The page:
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The Electromagnetic Drive put to Bed:

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In a comprehensive new test, the EmDrive fails to generate any thrust:

The EmDrive is a hypothetical rocket that proponents claim can generate thrust with no exhaust. This would violate all known physics. In 2016, a team at NASA's Eagleworks lab claimed to measure thrust from an EmDrive device, the news of which caused quite a stir. The latest attempt to replicate the shocking results has resulted in a simple answer: The Eagleworks measurement was from heating of the engine mount, not any new physics.


The EmDrive is a relatively simple device: It's an empty cavity that isn't perfectly symmetrical. According to proponents of the EmDrive, by bouncing electromagnetic radiation within the cavity, the tapering in the cavity results in a net thrust of the engine, despite nothing leaking from the drive. In 2016, a team at NASA's Eagelworks lab reportedly measured a net thrust from their EmDrive experiment, which they claimed was a revolution in our understanding of physics and the future of spaceflight.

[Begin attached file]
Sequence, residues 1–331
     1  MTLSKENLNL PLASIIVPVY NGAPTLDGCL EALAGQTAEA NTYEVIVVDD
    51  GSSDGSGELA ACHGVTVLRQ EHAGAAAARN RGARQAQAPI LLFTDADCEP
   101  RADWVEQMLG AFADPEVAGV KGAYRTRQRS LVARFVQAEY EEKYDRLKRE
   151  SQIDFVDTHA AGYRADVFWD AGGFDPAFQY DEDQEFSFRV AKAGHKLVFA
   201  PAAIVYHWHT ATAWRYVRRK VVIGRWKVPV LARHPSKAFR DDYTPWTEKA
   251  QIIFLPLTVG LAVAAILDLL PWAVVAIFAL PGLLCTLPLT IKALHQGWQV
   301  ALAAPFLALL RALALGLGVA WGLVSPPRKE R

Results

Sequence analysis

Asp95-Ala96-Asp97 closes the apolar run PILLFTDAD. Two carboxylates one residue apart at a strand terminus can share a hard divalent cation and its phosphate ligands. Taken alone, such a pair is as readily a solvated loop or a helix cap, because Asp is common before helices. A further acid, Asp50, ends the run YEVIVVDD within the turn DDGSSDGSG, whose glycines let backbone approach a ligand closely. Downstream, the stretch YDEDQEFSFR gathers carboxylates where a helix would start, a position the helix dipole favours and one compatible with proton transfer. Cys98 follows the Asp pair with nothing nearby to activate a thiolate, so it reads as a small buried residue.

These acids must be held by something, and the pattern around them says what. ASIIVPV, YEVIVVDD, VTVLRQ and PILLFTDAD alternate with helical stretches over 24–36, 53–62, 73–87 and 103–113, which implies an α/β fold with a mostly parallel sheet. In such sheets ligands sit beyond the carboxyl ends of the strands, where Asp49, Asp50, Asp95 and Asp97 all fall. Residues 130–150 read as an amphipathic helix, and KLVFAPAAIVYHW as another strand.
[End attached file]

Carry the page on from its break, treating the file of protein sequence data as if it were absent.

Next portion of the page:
Physicists were… skeptical. Conservation of momentum dictates that a stationary object cannot move without a net force acting on it, which the Eagleworks experiment claimed to violate. But conservation of momentum has been tested countless times over centuries—in fact, that principle forms the bedrock of almost every single theory of physics. So in essence, almost every time physics is tested, so is the conservation of momentum.

The results of the Eagleworks experiment were not very strong. While the team claimed to measure a thrust, it wasn't statistically significant, and appeared to be a result of "cherry-picking"—the authors watching random fluctuations and waiting for the right time to report their results.

But in the spirit of scientific replication, a team at the Dresden University of Technology led by Prof. Martin Tajmar rebuilt the Eagleworks experimental setup.

And they found squat.


more at link.....................

Edited by beecee
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Could the intermittent results be due to the off timing of the tests? A predominance of more kinetic energy on one end of the device vs. the other may  change rapidly, averaging to zero, and when the experiment is shut down at the right moment, the energy differential is near it's highest, giving it a "cherry picked" but real result  over the many test cycles.  This would mean it needs a precise and rapidly timed on/off sequence, giving pulses of thrust instead of a steady force.

Edited by hoola
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